RIAA Gets Tennessee Law To Force Universities To Filter Networks For Copyrighted Content

from the the-riaa-never-sleeps dept

After more than a decade of watching the entertainment industry (mainly the RIAA and the MPAA), one thing I’ve learned is that the organization never gives up in pushing its legislative agenda. If there’s a setback in one area, you can be sure that others from the organization are eagerly pushing the exact same rules through some other angle. The typical MO is that they try to get federal legislation passed in their favor. However, if that fails, they switch to the fallback plans which involve international treaties and state laws. Both of these are great because they tend to get a lot less scrutiny. State laws are a bit of a pain, because you have to get a few of them approved to create the “groundswell” that makes other states jump on board, but changes to state laws can often pass through under the radar.

That appears to be what’s happening in the effort to force universities to install filters monitoring their networks for any unauthorized transmissions. You may recall that the RIAA pushed strongly to get Congress to pass laws requiring filters. Basically, the entertainment industry first flat-out lied (yes, lied) about how big a problem file sharing on campus was, and that got some Congressional Reps (with plenty of campaign contributions from the entertainment industry) to introduce legislation punishing universities if they didn’t filter their networks. Widespread outcry against that legislation helped water it down, but it appears the industry just moved on to state legislatures.

The RIAA is now celebrating the fact that Tennessee has passed legislation that requires universities to install filters if they’ve received at least 50 DMCA requests. Considering the massive number of DMCA notices that the RIAA has been known to file, this is hardly a large hurdle. The law will cost Tennessee taxpayers nearly $10 million in the first year, and another $1.5 million each year — based on the state’s own estimates. And for what? To put in filters that won’t work, just to try to prop up an obsolete business model from legacy players in an industry that needs to learn how to adapt to the market?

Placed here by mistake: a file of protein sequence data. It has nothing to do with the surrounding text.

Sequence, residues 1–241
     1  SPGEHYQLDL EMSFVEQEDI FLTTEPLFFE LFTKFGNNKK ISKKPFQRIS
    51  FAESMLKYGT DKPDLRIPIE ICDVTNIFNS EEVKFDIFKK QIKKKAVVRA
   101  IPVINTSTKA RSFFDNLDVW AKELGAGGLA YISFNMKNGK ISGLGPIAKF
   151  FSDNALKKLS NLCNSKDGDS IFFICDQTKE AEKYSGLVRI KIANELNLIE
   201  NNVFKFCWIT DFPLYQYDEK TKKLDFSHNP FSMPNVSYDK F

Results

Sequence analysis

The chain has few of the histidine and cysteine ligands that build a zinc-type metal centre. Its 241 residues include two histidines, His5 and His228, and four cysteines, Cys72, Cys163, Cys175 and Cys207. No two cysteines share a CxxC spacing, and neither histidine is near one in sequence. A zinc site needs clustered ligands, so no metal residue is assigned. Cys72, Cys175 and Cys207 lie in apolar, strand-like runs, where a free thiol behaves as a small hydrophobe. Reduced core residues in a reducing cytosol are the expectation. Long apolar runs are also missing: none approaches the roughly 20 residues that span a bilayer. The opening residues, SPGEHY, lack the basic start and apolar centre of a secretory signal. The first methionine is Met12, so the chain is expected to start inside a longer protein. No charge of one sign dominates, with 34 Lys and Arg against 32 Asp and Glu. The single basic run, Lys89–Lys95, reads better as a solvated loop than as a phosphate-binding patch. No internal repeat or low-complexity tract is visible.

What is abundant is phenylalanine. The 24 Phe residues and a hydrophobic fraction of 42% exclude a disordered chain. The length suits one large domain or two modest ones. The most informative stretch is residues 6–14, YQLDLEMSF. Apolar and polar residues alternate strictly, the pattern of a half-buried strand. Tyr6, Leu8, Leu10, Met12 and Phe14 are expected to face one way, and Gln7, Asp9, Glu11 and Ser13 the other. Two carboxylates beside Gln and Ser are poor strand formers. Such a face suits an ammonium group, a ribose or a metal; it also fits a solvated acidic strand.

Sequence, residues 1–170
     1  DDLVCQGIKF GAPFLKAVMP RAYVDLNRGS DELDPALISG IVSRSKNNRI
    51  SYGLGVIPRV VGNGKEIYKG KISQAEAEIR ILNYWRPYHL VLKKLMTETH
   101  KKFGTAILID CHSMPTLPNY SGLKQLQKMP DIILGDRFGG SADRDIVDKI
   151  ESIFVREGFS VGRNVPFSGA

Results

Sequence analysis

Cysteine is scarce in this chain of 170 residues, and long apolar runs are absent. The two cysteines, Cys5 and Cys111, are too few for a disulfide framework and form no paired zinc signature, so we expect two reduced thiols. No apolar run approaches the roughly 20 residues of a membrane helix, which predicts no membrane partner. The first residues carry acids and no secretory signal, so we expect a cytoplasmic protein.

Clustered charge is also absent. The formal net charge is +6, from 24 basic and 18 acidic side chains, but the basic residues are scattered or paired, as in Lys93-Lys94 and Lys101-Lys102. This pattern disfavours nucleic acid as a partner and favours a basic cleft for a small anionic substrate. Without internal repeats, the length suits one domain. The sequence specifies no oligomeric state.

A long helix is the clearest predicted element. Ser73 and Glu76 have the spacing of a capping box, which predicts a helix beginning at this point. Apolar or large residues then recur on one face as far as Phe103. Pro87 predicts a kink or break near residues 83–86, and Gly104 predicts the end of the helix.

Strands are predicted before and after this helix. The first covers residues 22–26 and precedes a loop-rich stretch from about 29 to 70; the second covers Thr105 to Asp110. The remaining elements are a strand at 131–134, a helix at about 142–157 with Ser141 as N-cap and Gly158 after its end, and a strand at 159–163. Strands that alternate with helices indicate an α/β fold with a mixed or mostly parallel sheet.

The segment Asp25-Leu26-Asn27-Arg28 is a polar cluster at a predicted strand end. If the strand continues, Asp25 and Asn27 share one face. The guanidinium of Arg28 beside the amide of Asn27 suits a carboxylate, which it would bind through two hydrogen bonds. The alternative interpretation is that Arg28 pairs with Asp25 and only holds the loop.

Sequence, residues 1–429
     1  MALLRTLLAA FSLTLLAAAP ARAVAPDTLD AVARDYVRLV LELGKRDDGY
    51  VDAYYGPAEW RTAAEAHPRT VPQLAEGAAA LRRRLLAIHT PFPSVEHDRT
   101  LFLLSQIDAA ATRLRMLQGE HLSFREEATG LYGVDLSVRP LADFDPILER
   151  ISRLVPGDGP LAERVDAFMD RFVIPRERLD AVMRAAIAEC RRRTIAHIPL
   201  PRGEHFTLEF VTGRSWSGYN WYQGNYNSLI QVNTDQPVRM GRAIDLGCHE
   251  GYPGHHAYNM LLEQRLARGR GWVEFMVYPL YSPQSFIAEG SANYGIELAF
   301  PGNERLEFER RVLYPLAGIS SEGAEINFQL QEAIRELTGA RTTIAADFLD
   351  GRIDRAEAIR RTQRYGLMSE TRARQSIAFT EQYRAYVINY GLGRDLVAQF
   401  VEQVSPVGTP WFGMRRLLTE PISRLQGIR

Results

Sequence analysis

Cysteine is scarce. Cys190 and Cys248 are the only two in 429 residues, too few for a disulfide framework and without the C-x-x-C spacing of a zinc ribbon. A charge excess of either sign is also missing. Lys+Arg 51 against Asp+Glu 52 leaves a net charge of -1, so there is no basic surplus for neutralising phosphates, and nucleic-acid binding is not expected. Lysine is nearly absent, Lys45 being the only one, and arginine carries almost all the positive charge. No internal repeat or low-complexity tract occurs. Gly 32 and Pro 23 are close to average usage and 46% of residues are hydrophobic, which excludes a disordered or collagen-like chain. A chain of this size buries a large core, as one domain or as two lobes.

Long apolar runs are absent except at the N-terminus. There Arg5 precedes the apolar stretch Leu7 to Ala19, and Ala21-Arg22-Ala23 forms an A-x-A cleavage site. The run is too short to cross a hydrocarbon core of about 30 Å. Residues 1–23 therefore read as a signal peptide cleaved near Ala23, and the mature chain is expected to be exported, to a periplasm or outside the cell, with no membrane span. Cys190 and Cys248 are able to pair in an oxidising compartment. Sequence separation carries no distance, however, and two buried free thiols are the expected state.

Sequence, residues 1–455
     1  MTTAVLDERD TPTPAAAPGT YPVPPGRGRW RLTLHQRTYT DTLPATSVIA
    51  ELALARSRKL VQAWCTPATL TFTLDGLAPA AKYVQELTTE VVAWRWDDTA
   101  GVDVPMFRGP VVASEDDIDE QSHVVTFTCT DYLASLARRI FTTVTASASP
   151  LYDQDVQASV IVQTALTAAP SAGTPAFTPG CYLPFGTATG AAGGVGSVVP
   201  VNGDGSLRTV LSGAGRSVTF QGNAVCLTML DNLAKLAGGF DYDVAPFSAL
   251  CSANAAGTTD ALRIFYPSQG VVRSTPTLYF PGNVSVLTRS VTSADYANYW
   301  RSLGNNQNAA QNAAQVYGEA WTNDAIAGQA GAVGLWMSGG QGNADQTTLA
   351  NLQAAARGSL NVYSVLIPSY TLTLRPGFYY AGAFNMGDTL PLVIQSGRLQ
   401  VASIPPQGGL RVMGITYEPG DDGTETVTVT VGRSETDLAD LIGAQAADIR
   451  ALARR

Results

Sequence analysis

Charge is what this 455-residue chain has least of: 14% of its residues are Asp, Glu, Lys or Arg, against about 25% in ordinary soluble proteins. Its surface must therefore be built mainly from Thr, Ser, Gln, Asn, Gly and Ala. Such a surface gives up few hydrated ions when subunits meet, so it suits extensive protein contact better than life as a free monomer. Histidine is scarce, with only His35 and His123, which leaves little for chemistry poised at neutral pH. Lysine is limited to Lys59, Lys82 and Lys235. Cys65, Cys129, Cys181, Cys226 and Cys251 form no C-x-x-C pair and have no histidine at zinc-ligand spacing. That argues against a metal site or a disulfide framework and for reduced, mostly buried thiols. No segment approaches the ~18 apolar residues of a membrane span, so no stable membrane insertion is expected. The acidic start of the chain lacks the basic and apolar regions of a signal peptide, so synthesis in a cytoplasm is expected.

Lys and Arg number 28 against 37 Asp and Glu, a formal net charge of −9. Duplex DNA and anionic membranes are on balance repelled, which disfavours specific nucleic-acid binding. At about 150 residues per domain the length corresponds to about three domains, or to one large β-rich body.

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Companies: mpaa, riaa

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Comments on “RIAA Gets Tennessee Law To Force Universities To Filter Networks For Copyrighted Content”

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30 Comments
Relonar says:

ssh tunneling / sftp :: problem solved (on pirate side)

for everyone else…oh right they get screwed as usual
bad laws get passed
innocents get sued/expelled/bankrupted
universities pay for upkeep and installation of filters
network expansion is restricted by the use of such filters
riaa still doesn’t make more from sales
riaa still doesn’t ‘lose’ less from piracy
piracy doesn’t go down

Killer_Tofu (profile) says:

Re: RIAA

If you do not know what their agenda is by now, you must have been living under a rock for the last 10 years.
Please google ‘RIAA’ and it is all over the net how much they hate their customers. They are driven by one thing and one thing only, money. And they will extract it any way they possibly can. Including getting legislators at any level to pass laws where it sues public funds to enforce their private agenda.

Anonymous Coward says:

Re: Tennessee

RIAA Chairman & CEO Mitch Bainwol, along with several other members of the music community, recently celebrated Country Music Association Day in Nashville by participating in a ceremonial signing of college campus anti-piracy legislation by Tennessee Gov. Phil Bredesen.

http://www.zeropaid.com/news/9845/Tennessee+Governor+Signs+Campus+Piracy+Bill+into+Law/

Anonymous Coward says:

One thing that might help limit legislation is for the sons and daughters of Government officials to be outed. Then the RIAA would have to explain why they are doing selective enforcement. Image the closing arguments at a jury trial where the defense explains how RIAA only goes after people that are not part of the Goverment that passes the laws they and their families do not have to obey.

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